Having a fitting done is the best thing you can do to ensure you’re using the right weight and shaft flex.

A fitter will provide you with different weights, flexes, and lengths. You will be using a launch monitor that will provide statistics on which club is the best. 

📢 Need To Know: It’s also important you feel comfortable using the shaft. The fitter will recommend a few of the best options out of the shafts you hit and explain the pros and cons of each one.


If you don’t want to spend the money on a fitting, head to your local golf store or range and try out different clubs.

You can use a store’s Trackman and bay to hit into and see what works best for you.

You won’t have a fitter to choose the right one for your height or go into detail, but it’s still a better option than blindly purchasing one you haven’t tried.

Upkeep and Maintenance of Fairway Wood Shafts

Advice on maintaining and prolonging the life of your Fairway Wood shafts

It’s always a hassle to go to the store and replace a shaft if it gets broken. It not only costs time and money, but it also can be difficult to find the exact shaft.

To maintain and prolong the life of your fairway wood shafts, you should space them out properly in your golf bag so they don’t clank against each other.

Since most wood shafts are graphite, they’ll be much easier to damage or break than iron shafts. 

Place a towel between each shaft when driving or traveling to ensure they don’t rub against each other.

When going through airports a club carry case can also make a difference since luggage is often thrown around. You can also put bubble wrap around each shaft.

How to identify signs of wear and tear in your Fairway Wood shaft

If your club starts to feel different when you swing it or make contact, be sure to inspect your shaft. 

Small dinks in the shaft will affect the performance, so if you see those, it’s time for a new shaft.

How often to replace Fairway Wood shafts

It depends on how often you play golf. If you play over 300 rounds, then you’ll probably want to replace your three-wood shaft.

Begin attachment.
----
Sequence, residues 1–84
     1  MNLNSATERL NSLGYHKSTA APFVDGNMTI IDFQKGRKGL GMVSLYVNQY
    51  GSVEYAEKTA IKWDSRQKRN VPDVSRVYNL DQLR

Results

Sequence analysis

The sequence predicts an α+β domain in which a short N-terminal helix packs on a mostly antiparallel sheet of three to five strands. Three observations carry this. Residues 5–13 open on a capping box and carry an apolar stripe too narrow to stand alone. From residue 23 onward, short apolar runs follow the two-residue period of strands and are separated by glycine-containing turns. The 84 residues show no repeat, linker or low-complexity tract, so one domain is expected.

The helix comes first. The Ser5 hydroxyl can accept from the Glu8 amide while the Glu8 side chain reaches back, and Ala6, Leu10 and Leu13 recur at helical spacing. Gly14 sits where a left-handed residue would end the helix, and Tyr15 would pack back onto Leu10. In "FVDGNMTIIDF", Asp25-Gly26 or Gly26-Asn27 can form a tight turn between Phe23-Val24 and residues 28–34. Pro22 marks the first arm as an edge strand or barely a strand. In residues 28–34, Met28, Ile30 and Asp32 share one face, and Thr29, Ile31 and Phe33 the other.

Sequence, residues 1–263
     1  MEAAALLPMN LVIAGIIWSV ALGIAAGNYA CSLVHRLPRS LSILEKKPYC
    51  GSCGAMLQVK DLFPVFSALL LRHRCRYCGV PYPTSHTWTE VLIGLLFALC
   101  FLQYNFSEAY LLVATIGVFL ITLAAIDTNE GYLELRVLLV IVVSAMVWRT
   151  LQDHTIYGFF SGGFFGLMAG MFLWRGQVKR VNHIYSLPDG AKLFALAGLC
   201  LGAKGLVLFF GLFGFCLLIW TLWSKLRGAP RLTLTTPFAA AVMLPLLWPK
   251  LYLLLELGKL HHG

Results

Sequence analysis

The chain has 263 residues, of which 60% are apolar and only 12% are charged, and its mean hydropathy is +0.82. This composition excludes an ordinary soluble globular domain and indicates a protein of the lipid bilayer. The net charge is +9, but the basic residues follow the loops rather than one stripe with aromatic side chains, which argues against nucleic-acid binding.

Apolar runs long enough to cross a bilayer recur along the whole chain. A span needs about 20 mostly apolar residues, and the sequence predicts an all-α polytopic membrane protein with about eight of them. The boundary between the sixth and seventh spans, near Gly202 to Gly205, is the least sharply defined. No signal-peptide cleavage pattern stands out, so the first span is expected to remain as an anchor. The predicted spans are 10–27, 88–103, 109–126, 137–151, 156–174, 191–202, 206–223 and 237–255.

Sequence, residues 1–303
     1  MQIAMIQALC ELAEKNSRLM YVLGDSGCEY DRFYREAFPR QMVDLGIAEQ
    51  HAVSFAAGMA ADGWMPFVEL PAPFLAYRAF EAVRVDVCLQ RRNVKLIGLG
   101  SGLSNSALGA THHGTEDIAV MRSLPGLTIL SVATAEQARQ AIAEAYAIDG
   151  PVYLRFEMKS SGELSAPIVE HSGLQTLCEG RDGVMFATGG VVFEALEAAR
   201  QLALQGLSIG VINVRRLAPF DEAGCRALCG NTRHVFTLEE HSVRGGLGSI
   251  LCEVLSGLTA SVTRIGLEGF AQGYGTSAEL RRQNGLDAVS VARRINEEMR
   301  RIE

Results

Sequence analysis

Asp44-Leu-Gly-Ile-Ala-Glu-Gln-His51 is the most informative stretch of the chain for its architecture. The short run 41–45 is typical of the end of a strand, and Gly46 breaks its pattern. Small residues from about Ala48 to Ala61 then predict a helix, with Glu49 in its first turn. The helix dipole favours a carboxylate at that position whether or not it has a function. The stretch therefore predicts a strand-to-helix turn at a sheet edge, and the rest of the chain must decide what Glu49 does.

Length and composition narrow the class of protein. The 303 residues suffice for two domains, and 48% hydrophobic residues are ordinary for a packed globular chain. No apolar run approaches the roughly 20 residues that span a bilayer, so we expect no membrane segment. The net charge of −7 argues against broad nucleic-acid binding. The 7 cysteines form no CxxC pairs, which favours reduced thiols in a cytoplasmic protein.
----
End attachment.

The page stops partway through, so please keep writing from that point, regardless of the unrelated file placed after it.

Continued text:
If you prefer time as a measurement and you’re a weekend golfer, take your wood shafts to a golf store after three to four years to have them checked.

Factors To Consider Before Changing Fairway wood Shaft

  • If you’re not hitting the ball consistently but you hit other clubs well, then consider a change.
  • Consider the costs and if you’re playing well enough and have a decent handicap to warrant a change in the shaft.
  • If the club feels too light or heavy, you more than likely have the wrong shaft. 


Should driver and fairway wood shafts be the same?

Yes, the driver and fairway woods shafts should be the same. It is highly recommended to employ the same material so that when switching between the two clubs, you feel a similar way during your swing.

How Much Does It Cost To Reshaft A Fairway Wood?

It costs between $25-45 dollars to reshaft a fairway wood. The price can be much higher depending on the price and quality of the shaft you select.

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Lawrence Smelser has been part of the Golfible writing staff since 2019 and is a freelance golf journalist. Smelser has covered the PGA Tour including the U.S. Masters with He holds a journalism Bachelor’s degree from Texas A&M and a Master’s journalism degree from the University of North Texas. Learn more about our team at Golfible on our About Us page.